1st ICAI 2020

International Conference on Automotive Industry 2020

Mladá Boleslav, Czech Republic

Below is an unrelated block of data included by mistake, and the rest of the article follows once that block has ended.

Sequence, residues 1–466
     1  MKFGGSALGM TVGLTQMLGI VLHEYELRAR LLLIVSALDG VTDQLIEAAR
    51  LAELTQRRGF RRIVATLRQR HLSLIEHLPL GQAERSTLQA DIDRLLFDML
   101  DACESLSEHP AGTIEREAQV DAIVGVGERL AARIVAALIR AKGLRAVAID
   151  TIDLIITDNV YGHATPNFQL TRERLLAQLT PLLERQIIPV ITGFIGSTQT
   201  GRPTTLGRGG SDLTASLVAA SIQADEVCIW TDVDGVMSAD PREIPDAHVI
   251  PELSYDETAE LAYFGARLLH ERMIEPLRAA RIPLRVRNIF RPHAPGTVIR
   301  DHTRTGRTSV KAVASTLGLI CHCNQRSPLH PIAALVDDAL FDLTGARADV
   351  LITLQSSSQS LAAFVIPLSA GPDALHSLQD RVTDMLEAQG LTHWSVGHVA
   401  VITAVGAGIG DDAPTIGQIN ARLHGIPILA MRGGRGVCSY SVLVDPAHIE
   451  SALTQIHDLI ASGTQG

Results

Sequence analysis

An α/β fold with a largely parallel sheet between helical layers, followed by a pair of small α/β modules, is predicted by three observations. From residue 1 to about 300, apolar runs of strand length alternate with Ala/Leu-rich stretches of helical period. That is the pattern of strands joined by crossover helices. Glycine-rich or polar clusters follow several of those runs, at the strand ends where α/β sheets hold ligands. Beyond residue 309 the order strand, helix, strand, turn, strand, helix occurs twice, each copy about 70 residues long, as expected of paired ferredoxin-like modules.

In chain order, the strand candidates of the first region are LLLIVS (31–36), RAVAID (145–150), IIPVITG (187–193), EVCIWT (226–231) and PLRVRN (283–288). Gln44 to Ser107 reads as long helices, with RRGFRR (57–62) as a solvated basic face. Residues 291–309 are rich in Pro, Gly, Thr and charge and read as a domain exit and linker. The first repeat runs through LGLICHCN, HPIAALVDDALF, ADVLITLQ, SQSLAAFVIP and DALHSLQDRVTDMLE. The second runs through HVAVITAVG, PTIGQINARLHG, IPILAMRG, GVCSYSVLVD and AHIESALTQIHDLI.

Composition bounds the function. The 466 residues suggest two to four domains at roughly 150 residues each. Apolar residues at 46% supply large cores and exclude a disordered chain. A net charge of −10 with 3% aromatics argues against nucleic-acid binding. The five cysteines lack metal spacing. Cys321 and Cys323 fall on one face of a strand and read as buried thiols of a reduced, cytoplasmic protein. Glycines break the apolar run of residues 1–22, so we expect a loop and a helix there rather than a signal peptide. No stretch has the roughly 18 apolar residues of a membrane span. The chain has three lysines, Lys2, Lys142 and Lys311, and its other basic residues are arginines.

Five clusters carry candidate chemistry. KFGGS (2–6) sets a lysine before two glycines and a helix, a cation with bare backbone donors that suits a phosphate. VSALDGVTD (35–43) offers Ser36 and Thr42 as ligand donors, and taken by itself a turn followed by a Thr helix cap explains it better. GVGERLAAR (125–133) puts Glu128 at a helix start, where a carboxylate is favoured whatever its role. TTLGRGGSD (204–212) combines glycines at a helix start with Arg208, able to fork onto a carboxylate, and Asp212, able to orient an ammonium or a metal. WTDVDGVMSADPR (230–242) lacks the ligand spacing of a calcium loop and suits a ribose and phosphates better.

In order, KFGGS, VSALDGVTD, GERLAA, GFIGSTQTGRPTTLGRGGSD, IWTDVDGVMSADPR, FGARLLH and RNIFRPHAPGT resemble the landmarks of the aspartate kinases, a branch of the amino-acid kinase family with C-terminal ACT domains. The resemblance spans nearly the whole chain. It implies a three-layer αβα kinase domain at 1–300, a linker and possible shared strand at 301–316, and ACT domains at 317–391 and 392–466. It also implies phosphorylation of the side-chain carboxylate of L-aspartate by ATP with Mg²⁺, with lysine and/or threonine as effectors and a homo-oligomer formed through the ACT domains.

The paper is organised as follows. First we present a short introduction to the main developments in the automotive industry of the Visegrad countries. Second, the methodology is presented. Third, results of the macro-level and then company-level analysis are shown. Lastly, conclusions are drawn. 2. Background: the automotive industry in the Visegrad countries Automotive activities are not new in the Visegrad countries. In the planned economy period, one of the strategic aims was to establish and nurture a local automotive industry. Czechoslovakia and Poland at that time had their own brands, while Hungary specialised in bus production (Havas, 2000). After the transition process started in 1989–90, with different timing in the four countries, foreign automotive investors acquired or established their production plants. The main reasons for their interest was the availability of relatively skilled but cheap labour in an increasingly liberalised market economy environment with flexible labour regulations in a geographically close market which has become increasingly integrated into the European Union and offered various incentives to investors – and thus they could build these newly available locations into their corporate strategies and networks (Pavlínek et al., 2009; Pavlínek, 2019). This has not changed during the bleak years of the crisis: multinationals did not relocate their activity from Hungary to lower-wage countries, which can be explained mainly by the fact that they have realised additional investments, labour market regulation and government policy were increasingly beneficial for them, and there were too few alternative sites of relocation (Rugraff, Sass, 2016). Visegrad countries play an important role now in the automotive industry of the European Union and even of the world economy. At the end of 2018, there were more than 30 plants in the Visegrad countries, producing more than 1300000 cars in the Czechia, 431000 in Hungary, 452000 in Poland and 1100000 in Slovakia – representing almost 5 per cent of world car production and more than one fifth of European production – based on OICA (2018) data. According to Eurostat (2017), in 2017, the four countries represented more than 14 per cent of European Union automotive (NACE C29) production and almost 11 per cent of European Union value added with more than 21% of European Union employment. The automotive industry plays an important role in the respective economies as well: according to Eurostat (2017), in 2017, its share in total production was more than 18% in Slovakia, 14% in Czechia and Hungary and more than 5% in Poland – while the European Union average is 4.8%. In terms of value added, the automotive industry accounted for above 8% in Czechia and Slovakia, more than 7% in Hungary and 3.3% in Poland – with a European Union average of 2.9%. The industry is an important employer: it represents 4.8% of total employment in Czechia and Slovakia, 3.6% in Hungary and 2.2% in Poland – the same indicator amounting just to 1.8% in the European Union.


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